MASON, Ohio — Roger Federer could finally bask in some warm feelings during his rough summer. No surprise that they finally came at one of his favorite tournaments.
Up next, a favorite nemesis.
Federer overcome a tough start and emerged from his string of subpar showings since Wimbledon, beating Tommy Haas 1-6, 7-5, 6-3 on Thursday to advance to the quarterfinals at the Western & Southern Open.
He’ll play fourth-seeded Rafael Nadal on Friday night, reprising one of tennis’ greatest rivalries. Nadal leads the series 20-10, including a pair of wins over Federer this season.
“Always playing against Roger is a special feeling,” Nadal said. “We have a great history behind us in our confrontations. So it’s another quarterfinals. It’s a special one because you’re playing against a very special player.”
Nadal beat Grigor Dimitrov 6-2, 5-7, 6-2 in a 2-hour evening match. Nadal has overcome an injured left knee that wiped out the end of last season and a stomach virus that affected him early this year, taking a career-best mark of 50-3 into the quarterfinals.
Federer is just glad to be playing. The fifth-seeded Swiss star has been struggling to get his game back in shape since he was upset at Wimbledon by a player ranked 116th in the world. He has switched rackets and been limited by a sore back.
Finally, his game started to come together Thursday at a tournament he’s won an unprecedented five times, including last year.
“Overall, I’m looking at the big picture and just playing matches again,” Federer said. “I want to make sure I’m moving well and feeling fine. A match like this gives me a lot.”
While Federer took a step, No. 1 Novak Djokovic got one win closer to a little ATP history. He needed only 50 minutes to beat qualifier David Goffin, 6-2, 6-0 and reach the quarterfinals.
Djokovic has lost four finals in Cincinnati, the only Masters series event he has yet to win. A victory would make him the first player to win all nine Masters. He plays John Isner on today.
“I played four times finals, so it’s been one of the tournaments where I’ve performed well,” Djokovic said. “Never managed to make the final step, and hopefully this year I can do so.
“I have an extra motivation and an opportunity to make history in this tournament, so I’m very inspired to play well day after day.”
Also reaching the quarterfinals were second-seeded Andy Murray, sixth-seeded Tomas Berdych, seventh-seeded Juan Martin del Potro and Russian qualifier Dmitry Tursunov, who upset third-seeded David Ferrer.
The women’s side played mostly to form, with No. 1 Serena Williams beating Germany’s Mona Barthel 6-4, 6-1 in only 63 minutes on Thursday night, reaching the quarterfinals in a tournament where she’s never reached the final.
“I always struggle here,” Williams said. “I’ve got to get used to everything. It’s so different from the rest of the tournaments I’ve been playing.
“I can’t quite figure out why I’m always a little off. But champions adjust.”
Also advancing were second-seeded Victoria Azarenka, fourth-seeded Agnieszka Radwanska, fifth-seeded Li Na, 10th-seeded Caroline Wozniacki, 12th-seeded Roberta Vinci, 14th-seeded Jelena Jankovic and unseeded Simona Halep.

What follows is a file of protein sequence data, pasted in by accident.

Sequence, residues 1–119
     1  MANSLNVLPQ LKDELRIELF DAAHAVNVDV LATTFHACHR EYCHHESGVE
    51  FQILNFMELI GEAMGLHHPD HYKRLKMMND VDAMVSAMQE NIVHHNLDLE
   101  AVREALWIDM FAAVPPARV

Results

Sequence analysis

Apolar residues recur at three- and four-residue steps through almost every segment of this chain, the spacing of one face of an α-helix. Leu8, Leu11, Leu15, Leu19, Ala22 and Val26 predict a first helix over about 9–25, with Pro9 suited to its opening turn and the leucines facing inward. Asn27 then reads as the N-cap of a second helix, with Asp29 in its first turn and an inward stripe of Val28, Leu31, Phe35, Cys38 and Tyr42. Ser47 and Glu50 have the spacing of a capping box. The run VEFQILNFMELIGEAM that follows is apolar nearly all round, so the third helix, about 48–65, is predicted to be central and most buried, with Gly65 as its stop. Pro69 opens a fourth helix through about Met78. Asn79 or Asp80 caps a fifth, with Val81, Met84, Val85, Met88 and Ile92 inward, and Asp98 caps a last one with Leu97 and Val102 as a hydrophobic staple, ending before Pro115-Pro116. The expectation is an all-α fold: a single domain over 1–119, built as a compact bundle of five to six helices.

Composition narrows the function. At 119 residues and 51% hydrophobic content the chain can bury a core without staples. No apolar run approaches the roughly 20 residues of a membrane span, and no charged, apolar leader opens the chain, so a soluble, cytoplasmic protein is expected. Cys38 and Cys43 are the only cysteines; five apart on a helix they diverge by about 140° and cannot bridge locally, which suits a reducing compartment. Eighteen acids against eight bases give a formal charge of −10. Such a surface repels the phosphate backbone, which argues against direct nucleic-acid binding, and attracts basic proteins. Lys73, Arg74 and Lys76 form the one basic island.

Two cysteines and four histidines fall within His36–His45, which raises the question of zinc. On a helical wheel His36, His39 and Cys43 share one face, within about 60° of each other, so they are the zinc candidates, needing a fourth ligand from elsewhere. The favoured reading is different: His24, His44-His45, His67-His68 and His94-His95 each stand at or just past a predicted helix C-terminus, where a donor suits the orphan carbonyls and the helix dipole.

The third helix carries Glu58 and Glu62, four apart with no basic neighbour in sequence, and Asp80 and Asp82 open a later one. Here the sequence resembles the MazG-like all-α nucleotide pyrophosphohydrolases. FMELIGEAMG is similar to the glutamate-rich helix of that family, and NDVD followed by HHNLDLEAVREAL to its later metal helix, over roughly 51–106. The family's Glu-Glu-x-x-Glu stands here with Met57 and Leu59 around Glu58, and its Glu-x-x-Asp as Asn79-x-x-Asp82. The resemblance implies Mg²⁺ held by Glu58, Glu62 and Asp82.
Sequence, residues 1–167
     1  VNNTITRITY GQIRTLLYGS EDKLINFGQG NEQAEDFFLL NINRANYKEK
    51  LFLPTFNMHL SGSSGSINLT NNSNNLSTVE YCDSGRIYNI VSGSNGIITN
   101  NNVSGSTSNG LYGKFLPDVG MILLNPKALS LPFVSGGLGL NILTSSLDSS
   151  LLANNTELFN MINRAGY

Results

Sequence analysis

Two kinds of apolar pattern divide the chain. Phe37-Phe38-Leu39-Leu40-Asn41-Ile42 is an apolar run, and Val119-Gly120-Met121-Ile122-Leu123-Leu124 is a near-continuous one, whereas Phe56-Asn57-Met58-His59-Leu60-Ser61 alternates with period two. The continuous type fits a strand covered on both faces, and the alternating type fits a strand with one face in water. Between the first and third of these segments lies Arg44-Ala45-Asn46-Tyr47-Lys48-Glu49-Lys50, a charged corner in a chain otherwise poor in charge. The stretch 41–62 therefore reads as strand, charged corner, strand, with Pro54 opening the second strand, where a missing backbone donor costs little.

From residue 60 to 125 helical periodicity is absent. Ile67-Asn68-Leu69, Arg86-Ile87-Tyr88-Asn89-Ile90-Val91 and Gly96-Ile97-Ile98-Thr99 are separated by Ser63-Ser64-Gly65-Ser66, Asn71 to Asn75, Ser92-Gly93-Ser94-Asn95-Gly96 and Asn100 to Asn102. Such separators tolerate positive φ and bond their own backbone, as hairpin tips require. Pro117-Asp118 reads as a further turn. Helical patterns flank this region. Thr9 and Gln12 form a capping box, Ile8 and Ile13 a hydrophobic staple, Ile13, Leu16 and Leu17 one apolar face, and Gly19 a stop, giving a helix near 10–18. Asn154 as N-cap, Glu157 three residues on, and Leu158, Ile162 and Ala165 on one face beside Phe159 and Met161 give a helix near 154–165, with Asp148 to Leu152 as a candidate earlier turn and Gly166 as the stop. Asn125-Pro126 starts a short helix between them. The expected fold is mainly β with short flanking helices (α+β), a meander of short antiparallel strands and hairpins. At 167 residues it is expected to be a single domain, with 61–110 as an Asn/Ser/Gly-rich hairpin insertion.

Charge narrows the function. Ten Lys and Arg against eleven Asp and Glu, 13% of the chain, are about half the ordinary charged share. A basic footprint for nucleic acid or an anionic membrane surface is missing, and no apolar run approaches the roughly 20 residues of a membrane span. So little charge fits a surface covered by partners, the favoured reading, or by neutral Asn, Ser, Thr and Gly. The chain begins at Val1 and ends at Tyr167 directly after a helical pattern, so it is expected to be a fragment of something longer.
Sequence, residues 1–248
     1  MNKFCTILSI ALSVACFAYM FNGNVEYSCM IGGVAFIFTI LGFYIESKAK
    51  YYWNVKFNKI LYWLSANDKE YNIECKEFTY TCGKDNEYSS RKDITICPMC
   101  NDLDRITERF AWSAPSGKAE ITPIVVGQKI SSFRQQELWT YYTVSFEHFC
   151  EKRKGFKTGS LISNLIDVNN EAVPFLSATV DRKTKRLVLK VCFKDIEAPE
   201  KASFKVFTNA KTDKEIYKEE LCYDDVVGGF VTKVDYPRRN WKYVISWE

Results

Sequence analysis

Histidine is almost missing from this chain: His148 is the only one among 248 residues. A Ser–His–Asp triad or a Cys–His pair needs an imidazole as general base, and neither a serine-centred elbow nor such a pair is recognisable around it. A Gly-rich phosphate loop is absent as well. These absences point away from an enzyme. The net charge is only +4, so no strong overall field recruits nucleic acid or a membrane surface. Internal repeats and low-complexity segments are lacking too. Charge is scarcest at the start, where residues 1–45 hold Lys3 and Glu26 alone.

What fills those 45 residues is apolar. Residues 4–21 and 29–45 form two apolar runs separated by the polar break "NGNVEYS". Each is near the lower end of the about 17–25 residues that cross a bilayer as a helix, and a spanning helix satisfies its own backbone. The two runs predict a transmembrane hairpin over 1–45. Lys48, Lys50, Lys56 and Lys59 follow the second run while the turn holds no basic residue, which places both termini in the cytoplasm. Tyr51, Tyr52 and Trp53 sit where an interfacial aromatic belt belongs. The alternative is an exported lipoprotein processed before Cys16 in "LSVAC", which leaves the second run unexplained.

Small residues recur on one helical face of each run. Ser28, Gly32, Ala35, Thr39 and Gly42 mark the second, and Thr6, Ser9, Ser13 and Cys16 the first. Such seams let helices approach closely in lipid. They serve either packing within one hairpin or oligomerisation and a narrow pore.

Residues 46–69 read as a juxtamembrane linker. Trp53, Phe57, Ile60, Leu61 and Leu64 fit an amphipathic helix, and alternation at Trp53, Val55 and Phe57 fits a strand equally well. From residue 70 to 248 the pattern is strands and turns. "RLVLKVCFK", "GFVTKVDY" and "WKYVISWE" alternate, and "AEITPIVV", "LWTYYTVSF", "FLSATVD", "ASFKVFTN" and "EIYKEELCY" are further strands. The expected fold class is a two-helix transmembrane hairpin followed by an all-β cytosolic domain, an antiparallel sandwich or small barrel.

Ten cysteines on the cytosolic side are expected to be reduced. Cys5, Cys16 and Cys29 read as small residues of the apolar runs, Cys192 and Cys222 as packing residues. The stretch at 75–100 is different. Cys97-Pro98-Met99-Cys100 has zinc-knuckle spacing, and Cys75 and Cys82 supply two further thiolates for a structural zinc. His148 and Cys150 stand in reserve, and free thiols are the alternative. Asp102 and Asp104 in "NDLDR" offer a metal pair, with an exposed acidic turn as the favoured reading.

A few hours after her win, Radwanska withdrew from the tournament so she could attend her grandfather’s funeral. Li, who won the tournament last year, automatically moved into the semifinals.
It appeared that Federer wasn’t long for the tournament after a stunningly bad start against Haas. The 35-year-old Haas needed only 31 minutes to win the first set and was up 4-2 in the second before Federer took control.
“You know, being down 6-1, 3-1, you don’t feel like Superman out there,” Federer said. “You feel a bit slower, you feel a bit weaker, you feel a bit softer, whatever it is. I was trying to push myself. But at the end, as the match wore on, I felt better.
“That’s always good news.”
Federer was beaten in the second round at Wimbledon by Sergiy Stakhovsky, his earliest exit from a Grand Slam event since 2003. That ended Federer’s streak of reaching the quarterfinals in 36 straight major tournaments.
The improbable upsets were just starting. He lost to players ranked 114th and 55th in the world in the next two tournaments, while he was experimenting with a larger racket and his back was bothering him.
He skipped Montreal last week to get ready for Cincinnati, hoping a good showing this week would get him ready for the U.S. Open.
“Every match gives me more info to tell me if I’m on the right path or not,” he said. “But I’m a strong believer that I am on the right path right now, and I just need to make sure that mentally I stay cool about it.
“Today for a long time it wasn’t looking good, but these are the kind of matches I need right now.”
Tursunov pulled off the day’s biggest upset, beating Ferrer 6-2, 6-4. The 44th-ranked Tursunov never lost his serve while reaching the quarterfinals for the first time in six appearances at the event.
On the women’s side, Jankovic overcame a slow start and beat American Sloane Stephens 3-6, 7-5, 7-5. Stephens upset third-seeded Maria Sharapova in the second round, but struggled with her serve after she won the first set against Jankovic.
Azarenka advanced with a 6-3, 6-4 victory over No. 33 Magdalena Rybarikova. Azarenka withdrew from last week’s Rogers Cup in Toronto with a lower back injury. She reached the quarterfinals for the first time in three appearances at the event.